When you mention Turkey to most people they instinctively think of warm evenings and baking sun, and whilst generally, that’s about right for Bodrum and further south it’s certainly not true for Istanbul in winter. I learnt this the hard way, on a passage I had long planned; sailing White Dragon from Tuzla Marina, Istanbul to Bodrum.
We waited and waited for the cold snap that had enveloped Istanbul to ease but it held its grip on the city, right into mid-March. By now the first sign of spring has usually appeared, but, due to the topsy turvy weather patterns we are all now witnessing around the world caused by climate change, nothing can be considered certain. Although it was still really freezing, I decided to make a break for Bodrum and the sun.
White Dragon seemed reluctant to head out into the icy Marmara Sea. A stern line caught and clung onto a pontoon cleat as we cast off and even her dingy made a last grab at a neighbour’s bow line as we departed the dock.
For over two years White Dragon’s worldly wanderings had been on hold due to the rigours and restrictions caused by the Covid pandemic. Turkey had been firmly on Boris’s red list, despite the infection rate being 50% or less than the UK’s for most of that period, so I had to leave her, as if abandon, until my return was permitted.
Now at last, we were free again I thought, as we shook off the first chills of a Meltemi wind that was soon to freeze us to the bones. Within a couple of hours the fiercest of Mediterranean winds began hurling ice crystals in our faces as it’s
first seemingly benign breezes built to a wintry tempest.
The forecast told of a northeasterly gale for our crossing of the Marmara Sea, but I shrugged it off without concern. 40 or 50kts of wind, from behind the beam would be nothing to White Dragon, and with her interior forward saloon pilot station, where the crew could keep a full watch (with the heating on if necessary) I considered us impervious to the bitter wind that blew across the cockpit. Little did I know what was soon to follow.
I smugly replied to the enquiring messages from friends asking how the trip was going with ‘’it’s freezing outside but I’m in a Kraken, so who needs be out there?”, but, less than half the way across the Marmara, the Raymarine autopilot threw in a 90 deg turn then dropped out! I have had ongoing reliability issues with the Raymarine electronics White Dragon is kitted out with, and the autopilot has been the worst offender, so I wasn’t exactly surprised, but the realities of standing out in the cockpit helming manually dawned on me quicker than the icicles forming in my moustache and beard. My god was it cold.
Erkin, my trusty crew and I, stood just 30-minute watches. We couldn’t take anymore, despite hats, gloves, thermal underwear, two pairs of socks, scarves and full offshore sailing jackets and dungarees. The bitter cold Meltemi wind pumped itself up to 50kts and more, and then it started to snow.
As I stood my watch with the desperately cold wind blasting right through me, I started thinking about the poor wretched souls in Ukraine, who must be out there night and day, freezing in this most bitter of winds which actually emanates in Russia and Ukraine. No heating, no food, no shelter, their lives torn apart by the bloody hands of Vladamir Putin.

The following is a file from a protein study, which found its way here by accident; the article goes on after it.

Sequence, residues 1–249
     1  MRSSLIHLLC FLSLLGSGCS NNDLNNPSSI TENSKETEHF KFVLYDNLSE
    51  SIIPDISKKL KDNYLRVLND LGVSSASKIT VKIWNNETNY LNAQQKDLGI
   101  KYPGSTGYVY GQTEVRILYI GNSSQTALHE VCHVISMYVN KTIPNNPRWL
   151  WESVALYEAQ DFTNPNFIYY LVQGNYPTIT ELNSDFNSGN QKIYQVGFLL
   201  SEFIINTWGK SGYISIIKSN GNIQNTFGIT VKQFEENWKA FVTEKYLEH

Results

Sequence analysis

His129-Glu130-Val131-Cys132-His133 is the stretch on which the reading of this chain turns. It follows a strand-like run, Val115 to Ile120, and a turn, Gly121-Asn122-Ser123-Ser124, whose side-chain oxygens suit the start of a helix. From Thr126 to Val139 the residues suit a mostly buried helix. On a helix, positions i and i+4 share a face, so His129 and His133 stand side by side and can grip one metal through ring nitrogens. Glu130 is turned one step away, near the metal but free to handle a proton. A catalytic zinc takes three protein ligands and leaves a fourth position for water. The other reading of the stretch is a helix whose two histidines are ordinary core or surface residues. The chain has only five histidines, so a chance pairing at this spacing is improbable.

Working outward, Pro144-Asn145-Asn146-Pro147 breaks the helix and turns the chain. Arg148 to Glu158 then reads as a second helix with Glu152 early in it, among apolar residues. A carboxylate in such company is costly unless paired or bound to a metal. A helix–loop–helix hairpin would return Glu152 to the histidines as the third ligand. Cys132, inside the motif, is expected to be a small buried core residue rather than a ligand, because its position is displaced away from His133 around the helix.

Hand steering was made even harder because the low temperature had thickened the hydraulic steering oil so the helm was heavier than normal (White Dragon is the only Kraken to have hydraulic steering) and the compressed nitrogen in the boom vang depressurized with the low temperature, so the boom dropped lower than usual and had to be restrained by the topping lift.
Finally, we dropped anchor in the shelter of Marmara Island, the largest of the islands in the west Marmara Sea. Erkin and I rushed below deck and kicked the heating on. Soon the saloon was up to 22 deg and we peeled off the multiple layers of clothing that had kept hypothermia at bay, just.
The next morning it was another early start as we had 95nm to run. Sailing overnight was a non-runner from two aspects; at night it was even colder, and as daylight had faded we discovered that our port nav light had failed. All had been checked and were working before departure.
The lights are Lopo Lights with sealed bulbs, so it was disappointing, as they are never supposed to fail, but this was actually the third Lopo I’ve had to replace in 5 years. Not good. We install a second set of Nav lights at the masthead on all Krakens now but White Dragon’s mast doesn’t have them.
After sitting on a dock in Tuzla for more than two years it is inevitable we would have gear failures, especially with the howling Meltemi wind testing everything to the full. When the nav light failed I confess Erkin and I were not heartbroken, now we had a legitimate reason for not sailing overnight, not only cowardice!
Our route that day took us out of the Marmara Sea through the infamous Dardanelles Channel and out into the Aegean Sea. I was headed for a sheltered bay on the south side of the Turkish wine Island of Boscada, but as we sailed west in the Dardanelles outgoing shipping lane, the reason for the surprising lack of commercial traffic became apparent. Turkish Coastguards intercepted us just a few hundred meters from the new 2.5 billion Euro Cannakkale Bridge, they told us very clearly that passage under the bridge was forbidden for the whole day because it was being ‘opened’ by President Erdowan. Zeus*, my god of screw up’s at sea, had thrown in another curved ball.